Lt. Col. Jimmy Doolittle, piloting his B-25 “Mitchell” bomber, is the first of the 16 B-25s off the flight deck of U.S.S. Hornet, CV-8.
Today is the 75th Anniversary of the Doolittle Raid on Tokyo, 18 April 1942. It was a bold and imaginative raid, just what would be expected of Yankee ingenuity. Although the raid did little lasting damage to the Japanese war machine, it served its purposes of putting the Japanese on notice that the U.S. will fight back. It also served the badly-needed purpose of boosting morale at home. The U.S. reluctantly entered the war against the Axis powers after the Japanese attack on Pearl Harbor. Worldwide, the news up to this point in 1942 had been of one setback after another for the Allies in all theaters of the war.
The planes were launched from Hornet some 650 miles from Tokyo. The attack convoy had been sighted by a Japanese boat, so the decision was made to launch early. It was not an easy launch – the seas were very choppy and the pilots had to time their take off to the up pitch of the bow of the ship. There was only about 4 feet of clearance between the wingtips of the planes and the island on the flight deck on the starboard side and only about 4 feet of clearance on the port side. Nonetheless, all 16 planes were successfully launched.
Not an inch to spare – 16 B-25 bombers crowded onto the flight deck of U.S.S. Hornet, CV-8. CV-8 made a lot of history in her brief 13 month career.
The crews of the planes had practiced over land areas that had been laid out like the target cities. The planes were prepared at McClellan Army Air Force base northwest of Sacramento, California and flown to the Naval Air Station at Alameda, California in San Francisco Bay. At NAS-Alameda, the planes were hoisted onto Hornet which was docked at Pier 3 of the NAS. Hornet CV-8 participated in the Battle of Midway and was lost at the Battle of Santa Cruz Island, all in 1942. As the U.S. Navy has had a Hornet in its arsenal almost since the beginning of the Navy, CV-12, which was under construction when CV-8 was lost, was quickly re-named Hornet rather than Kearsarge as originally planned. CV-12 went on the have a storied career herself, including fetching two of the Apollo space capsules and their crews from the ocean. CV-12 is now docked at the same Pier 3 in Alameda as was CV-8 and is open for tours. When CV-33 was built, she then took the Kearsarge name originally slotted for CV-12.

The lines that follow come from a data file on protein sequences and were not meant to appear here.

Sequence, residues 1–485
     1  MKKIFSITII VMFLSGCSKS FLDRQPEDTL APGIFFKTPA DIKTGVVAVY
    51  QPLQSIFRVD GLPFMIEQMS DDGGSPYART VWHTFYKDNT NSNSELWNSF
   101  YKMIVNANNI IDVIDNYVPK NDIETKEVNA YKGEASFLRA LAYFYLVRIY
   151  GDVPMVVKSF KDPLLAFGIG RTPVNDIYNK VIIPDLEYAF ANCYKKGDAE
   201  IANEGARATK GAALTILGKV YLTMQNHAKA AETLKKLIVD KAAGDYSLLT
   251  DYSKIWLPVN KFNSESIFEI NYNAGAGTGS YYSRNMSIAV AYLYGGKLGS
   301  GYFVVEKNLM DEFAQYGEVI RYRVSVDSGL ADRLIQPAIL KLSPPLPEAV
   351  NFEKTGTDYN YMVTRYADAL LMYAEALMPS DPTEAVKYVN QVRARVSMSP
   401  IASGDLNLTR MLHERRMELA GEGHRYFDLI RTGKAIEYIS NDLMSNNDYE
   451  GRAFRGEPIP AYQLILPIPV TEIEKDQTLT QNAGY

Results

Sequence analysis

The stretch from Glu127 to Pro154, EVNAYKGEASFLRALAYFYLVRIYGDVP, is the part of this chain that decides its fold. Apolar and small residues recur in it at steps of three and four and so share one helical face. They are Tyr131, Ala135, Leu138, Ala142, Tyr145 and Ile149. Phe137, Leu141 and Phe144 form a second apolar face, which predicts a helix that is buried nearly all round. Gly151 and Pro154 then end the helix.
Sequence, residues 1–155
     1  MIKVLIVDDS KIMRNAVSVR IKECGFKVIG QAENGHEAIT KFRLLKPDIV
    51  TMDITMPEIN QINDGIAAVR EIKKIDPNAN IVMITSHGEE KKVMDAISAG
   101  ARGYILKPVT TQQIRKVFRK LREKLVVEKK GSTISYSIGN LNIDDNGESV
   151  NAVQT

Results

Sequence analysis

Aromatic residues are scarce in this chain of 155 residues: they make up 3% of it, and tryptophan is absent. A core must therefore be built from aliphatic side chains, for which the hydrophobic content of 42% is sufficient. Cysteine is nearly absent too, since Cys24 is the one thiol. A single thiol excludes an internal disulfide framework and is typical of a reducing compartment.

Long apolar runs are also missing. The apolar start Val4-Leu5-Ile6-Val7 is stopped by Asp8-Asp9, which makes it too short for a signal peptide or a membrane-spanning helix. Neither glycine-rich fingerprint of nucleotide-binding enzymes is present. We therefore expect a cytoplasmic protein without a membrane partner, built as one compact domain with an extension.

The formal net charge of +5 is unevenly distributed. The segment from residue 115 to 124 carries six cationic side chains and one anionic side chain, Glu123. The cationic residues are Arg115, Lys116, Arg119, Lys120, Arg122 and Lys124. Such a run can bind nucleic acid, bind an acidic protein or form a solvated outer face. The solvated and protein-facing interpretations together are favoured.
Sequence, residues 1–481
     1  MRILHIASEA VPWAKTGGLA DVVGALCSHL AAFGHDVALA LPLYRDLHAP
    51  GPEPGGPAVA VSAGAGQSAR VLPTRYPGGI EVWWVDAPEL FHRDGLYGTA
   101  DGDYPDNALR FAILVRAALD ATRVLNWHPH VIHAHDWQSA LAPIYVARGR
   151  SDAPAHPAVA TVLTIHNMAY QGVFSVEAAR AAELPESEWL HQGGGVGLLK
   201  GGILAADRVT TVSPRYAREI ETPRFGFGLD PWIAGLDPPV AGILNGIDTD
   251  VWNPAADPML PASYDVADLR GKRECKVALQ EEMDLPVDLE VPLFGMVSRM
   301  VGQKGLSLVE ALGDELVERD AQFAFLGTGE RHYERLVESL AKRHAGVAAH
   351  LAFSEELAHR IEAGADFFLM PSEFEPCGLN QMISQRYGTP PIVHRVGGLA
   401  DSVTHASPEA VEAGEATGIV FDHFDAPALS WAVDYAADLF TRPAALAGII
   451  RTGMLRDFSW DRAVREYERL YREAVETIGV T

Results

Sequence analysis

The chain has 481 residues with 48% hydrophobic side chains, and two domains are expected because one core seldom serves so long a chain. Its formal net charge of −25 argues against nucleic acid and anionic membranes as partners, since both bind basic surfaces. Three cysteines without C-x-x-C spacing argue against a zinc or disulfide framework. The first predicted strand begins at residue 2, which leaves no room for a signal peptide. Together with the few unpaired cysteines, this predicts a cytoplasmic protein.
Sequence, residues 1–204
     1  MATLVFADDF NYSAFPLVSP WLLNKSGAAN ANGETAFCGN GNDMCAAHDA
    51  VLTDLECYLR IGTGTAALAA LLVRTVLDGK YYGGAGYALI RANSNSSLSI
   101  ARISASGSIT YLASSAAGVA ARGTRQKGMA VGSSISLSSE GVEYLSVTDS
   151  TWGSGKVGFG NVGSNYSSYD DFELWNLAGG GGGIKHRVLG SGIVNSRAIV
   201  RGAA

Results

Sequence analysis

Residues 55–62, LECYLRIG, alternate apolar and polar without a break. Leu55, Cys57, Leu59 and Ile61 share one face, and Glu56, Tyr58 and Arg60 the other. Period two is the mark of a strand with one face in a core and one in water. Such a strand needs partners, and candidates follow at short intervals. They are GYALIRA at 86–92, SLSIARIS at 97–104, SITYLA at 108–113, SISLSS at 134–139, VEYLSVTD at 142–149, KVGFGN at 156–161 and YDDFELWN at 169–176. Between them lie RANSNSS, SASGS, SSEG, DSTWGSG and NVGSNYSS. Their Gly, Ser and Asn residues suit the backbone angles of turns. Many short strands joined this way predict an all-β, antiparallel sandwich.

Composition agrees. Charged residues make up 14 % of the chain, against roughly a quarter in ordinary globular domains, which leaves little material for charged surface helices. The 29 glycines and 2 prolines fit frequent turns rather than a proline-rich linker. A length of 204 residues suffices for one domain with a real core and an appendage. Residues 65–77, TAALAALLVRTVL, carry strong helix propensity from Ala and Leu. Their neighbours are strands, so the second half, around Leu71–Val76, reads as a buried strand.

Captain (later Admiral) Marc Mitscher commanded Hornet CV-8 during the Doolittle Raid. He preferred wearing a long bill baseball cap rather than the more traditional officers’ hat.
Hornet was commanded by Captain Marc Mitscher who was promoted to Admiral soon after the raid on Tokyo. Mitscher and Hornet would figure largely in the the Battle of Midway later in 1942. Mitscher looked out for the welfare of his crews, famously turning on the deck lights at night (against Navy protocol) during Midway so that his air crews could find their way back to the ship. He is largely forgotten today. He shunned publicity and burned his papers after the war. He died in 1947, only 60 years old.
The Tokyo task force was commanded by the flamboyant Admiral William Halsey, who, unlike Mitscher, was not shy about possibilities for publicity.
Japanese Premier Hideki Tojo was inspecting military bases during the raid. One B-25 came so close that Tojo could see the pilot, though the American bomber never fired a shot at the inspection party. The raid did cause the Japanese government the thing that all Asian cultures seek to avoid at all costs: to lose face. Believing the air raid had been launched from Midway Island, approval was given to Admiral Isoroku Yamamoto’s plans for an attack on Midway. Midway turned out to be a costly defeat for the Japanese, causing Tojo and his warlords to lose even more face. Midway is considered to be the turning point in the war in the Pacific, the point where the U.S. and its Allies began to stop the Japanese advance across the Pacific.
Mme. Chang Kai-Shek fetes Lt. Col. Doolittle and his Raiders after their attack on Japanese targets.
Three members of the Doolittle Raid crew were captured and executed by the Japanese after the American plane crashed. A fourth starved to death in prison. One crew, whose plane landed in Russia, was interned by the Russians. The others landed safely in China as planed and were feted by Mme. Chang Kai-Shek.
This video, just short of 10 minutes play time, recounts the Doolittle Raid:
Seventy-five years ago, the men on this mission put their lives on the line for our future. It is important that we remember what they accomplished.